In an effort to commit myself to learning C# I am starting a series of challenges. The first one is to create a simple blogging application. Preliminarily I plan to include the following features:
- Post creation/editing
- Login for admin
- List of IPs for admin with the ability to block them
Think it will be pretty easy with ASP.NET backing my application. The entire source will be available either on github or as a Visual Studio Project for downloading. I’ll post updates on my progress.
My solution to PE 9 can be found at:
Again, a very simple solution using list comprehensions. I might look around and find other solutions to compare it to. I came across this problem at the same time as reading Learn You A Haskell For Great Good, which solves a problem similar to this. Whilst I didn’t look at the book’s code when I wrote this, I’m sure it’s similar. For the sake of originality I might try solving it using a different method.
My solution to PE 6 in Haskell can be found at:
Another one line solution thanks to list comprehensions, one of my favorite features of Haskell. I invite any other Haskellists with different ideas of how to solve this, or any other Project Euler problem I solve, to leave them in the comments of my posts.
As a quick diversion from my Project Euler/Haskell posts, I’m writing an entry on my monty hall problem proof that I wrote in Python a little while back. As I warned you in the past my programming skills are a little bit rusty*, and at the time of writing this solver it was my first Python code in about a year. (*Arguably the product of switching between languages to often.) Therefore the code is probably mediocre at best, which might be an overstatement. Anyway, the following is the fairly simple python code.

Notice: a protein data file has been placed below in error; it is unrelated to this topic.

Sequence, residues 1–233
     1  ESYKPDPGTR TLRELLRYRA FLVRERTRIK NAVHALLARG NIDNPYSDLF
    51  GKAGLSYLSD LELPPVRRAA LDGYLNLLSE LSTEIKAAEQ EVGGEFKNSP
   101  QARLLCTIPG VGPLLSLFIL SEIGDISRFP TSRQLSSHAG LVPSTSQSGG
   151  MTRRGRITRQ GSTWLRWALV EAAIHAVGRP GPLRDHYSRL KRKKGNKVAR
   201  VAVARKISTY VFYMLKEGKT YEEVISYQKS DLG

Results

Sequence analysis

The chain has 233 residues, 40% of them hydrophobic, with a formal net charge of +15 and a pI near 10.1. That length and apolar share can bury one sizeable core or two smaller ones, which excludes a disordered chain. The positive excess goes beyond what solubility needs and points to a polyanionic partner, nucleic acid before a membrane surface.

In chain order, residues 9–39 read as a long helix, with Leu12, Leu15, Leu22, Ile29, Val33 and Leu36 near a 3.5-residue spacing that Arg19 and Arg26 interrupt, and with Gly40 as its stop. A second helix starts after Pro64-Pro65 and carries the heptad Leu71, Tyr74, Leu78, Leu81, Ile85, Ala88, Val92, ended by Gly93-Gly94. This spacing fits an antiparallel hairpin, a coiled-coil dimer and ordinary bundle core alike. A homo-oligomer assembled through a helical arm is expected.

i = 0
switch_car_count = 0
car_count = 0
while i < 1000:
doors = ['goat', 'car', 'goat' ]
rand = random.randint(0, 2)
door = doors[rand]
door2 = doors
i = i + 1
if door == 'car':
car_count = car_count + 1
if door2 == 'car':
switch_car_count = switch_car_count + 1
return [car_count, switch_car_count]
def results(total_count, total_switch_count, compare):
average_count = total_count / 1000
average_switch_count = total_switch_count / 1000
i = 0
total_count = 0
total_switch_count = 0
compare = 0
while i < 1000:
[car_count, switch_car_count] = game()
total_count = car_count + total_count
total_switch_count = switch_car_count + total_switch_count
i = i + 1
if car_count < switch_car_count:
compare = compare + 1
results(total_count, total_switch_count, compare)
This yields the output:
These values respectfully represent average winnings with keeping original, average winnings with switching, and total number of times switching was the better yielding option.
This code should be fairly straight forward to anybody familiar with Python basics. Any questions or suggestions about my code should be posted in the comments and I will hopefully reply promptly.
I began solving the problems from Project Euler today and thought I’d document my solutions. Because of WordPress’ lack for Haskell syntax highlighting and wanting to keep all my solutions in one place, the code can be found at:
Haskell’s list comprehensions lent themselves to this kind of problem and made the task trivial. If I had any C# skills I’d write an imperative solution to see the code difference but I can’t say I do. Guess that’s on the waiting list.
Welcome to my blog! I regularly swim in the waters of C# and Python and I have recently found the beautiful, functional oasis known as Haskell. I’m in my teens and have only been programming seriously for a year so, in which time I’ve played around with a few too many languages to be particularly good in any of them. That said, hopefully I can transform my thoughts and projects into a source of knowledge about .NET, Python, and Haskell.
Until next time,